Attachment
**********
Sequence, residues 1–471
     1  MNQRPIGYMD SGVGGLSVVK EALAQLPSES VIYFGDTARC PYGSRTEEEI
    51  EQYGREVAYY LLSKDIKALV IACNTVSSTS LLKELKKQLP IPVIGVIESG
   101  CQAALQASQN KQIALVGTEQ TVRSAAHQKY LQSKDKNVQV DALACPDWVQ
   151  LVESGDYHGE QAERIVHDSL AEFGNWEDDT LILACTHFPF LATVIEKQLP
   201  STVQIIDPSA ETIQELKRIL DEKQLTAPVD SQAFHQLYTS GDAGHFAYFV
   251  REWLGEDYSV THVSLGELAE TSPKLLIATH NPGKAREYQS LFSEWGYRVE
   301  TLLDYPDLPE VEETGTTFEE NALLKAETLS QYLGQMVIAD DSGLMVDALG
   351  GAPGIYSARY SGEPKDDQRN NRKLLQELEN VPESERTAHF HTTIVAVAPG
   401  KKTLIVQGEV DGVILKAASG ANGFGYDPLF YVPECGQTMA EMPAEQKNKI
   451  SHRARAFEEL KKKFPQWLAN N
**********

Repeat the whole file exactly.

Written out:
Sequence, residues 1–471
     1  MNQRPIGYMD SGVGGLSVVK EALAQLPSES VIYFGDTARC PYGSRTEEEI
    51  EQYGREVAYY LLSKDIKALV IACNTVSSTS LLKELKKQLP IPVIGVIESG
   101  CQAALQASQN KQIALVGTEQ TVRSAAHQKY LQSKDKNVQV DALACPDWVQ
   151  LVESGDYHGE QAERIVHDSL AEFGNWEDDT LILACTHFPF LATVIEKQLP
   201  STVQIIDPSA ETIQELKRIL DEKQLTAPVD SQAFHQLYTS GDAGHFAYFV
   251  REWLGEDYSV THVSLGELAE TSPKLLIATH NPGKAREYQS LFSEWGYRVE
   301  TLLDYPDLPE VEETGTTFEE NALLKAETLS QYLGQMVIAD DSGLMVDALG
   351  GAPGIYSARY SGEPKDDQRN NRKLLQELEN VPESERTAHF HTTIVAVAPG
   401  KKTLIVQGEV DGVILKAASG ANGFGYDPLF YVPECGQTMA EMPAEQKNKI
   451  SHRARAFEEL KKKFPQWLAN N